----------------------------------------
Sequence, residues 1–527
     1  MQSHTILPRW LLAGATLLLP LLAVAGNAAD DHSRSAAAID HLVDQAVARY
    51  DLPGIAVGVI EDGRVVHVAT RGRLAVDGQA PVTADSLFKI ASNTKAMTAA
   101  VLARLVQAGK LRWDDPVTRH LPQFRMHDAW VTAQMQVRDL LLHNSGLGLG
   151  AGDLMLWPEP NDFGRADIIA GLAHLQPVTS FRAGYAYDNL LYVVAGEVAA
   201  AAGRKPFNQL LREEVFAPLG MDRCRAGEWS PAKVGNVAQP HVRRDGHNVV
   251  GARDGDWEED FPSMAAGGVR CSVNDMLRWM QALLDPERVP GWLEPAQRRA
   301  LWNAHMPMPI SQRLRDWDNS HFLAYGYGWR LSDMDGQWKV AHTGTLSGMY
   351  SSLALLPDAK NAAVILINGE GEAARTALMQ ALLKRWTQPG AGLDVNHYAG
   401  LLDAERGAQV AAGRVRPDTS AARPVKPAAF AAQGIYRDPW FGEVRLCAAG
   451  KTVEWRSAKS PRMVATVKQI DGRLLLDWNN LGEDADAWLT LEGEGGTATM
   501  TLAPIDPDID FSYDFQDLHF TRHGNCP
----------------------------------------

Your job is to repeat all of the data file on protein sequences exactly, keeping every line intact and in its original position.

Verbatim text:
Sequence, residues 1–527
     1  MQSHTILPRW LLAGATLLLP LLAVAGNAAD DHSRSAAAID HLVDQAVARY
    51  DLPGIAVGVI EDGRVVHVAT RGRLAVDGQA PVTADSLFKI ASNTKAMTAA
   101  VLARLVQAGK LRWDDPVTRH LPQFRMHDAW VTAQMQVRDL LLHNSGLGLG
   151  AGDLMLWPEP NDFGRADIIA GLAHLQPVTS FRAGYAYDNL LYVVAGEVAA
   201  AAGRKPFNQL LREEVFAPLG MDRCRAGEWS PAKVGNVAQP HVRRDGHNVV
   251  GARDGDWEED FPSMAAGGVR CSVNDMLRWM QALLDPERVP GWLEPAQRRA
   301  LWNAHMPMPI SQRLRDWDNS HFLAYGYGWR LSDMDGQWKV AHTGTLSGMY
   351  SSLALLPDAK NAAVILINGE GEAARTALMQ ALLKRWTQPG AGLDVNHYAG
   401  LLDAERGAQV AAGRVRPDTS AARPVKPAAF AAQGIYRDPW FGEVRLCAAG
   451  KTVEWRSAKS PRMVATVKQI DGRLLLDWNN LGEDADAWLT LEGEGGTATM
   501  TLAPIDPDID FSYDFQDLHF TRHGNCP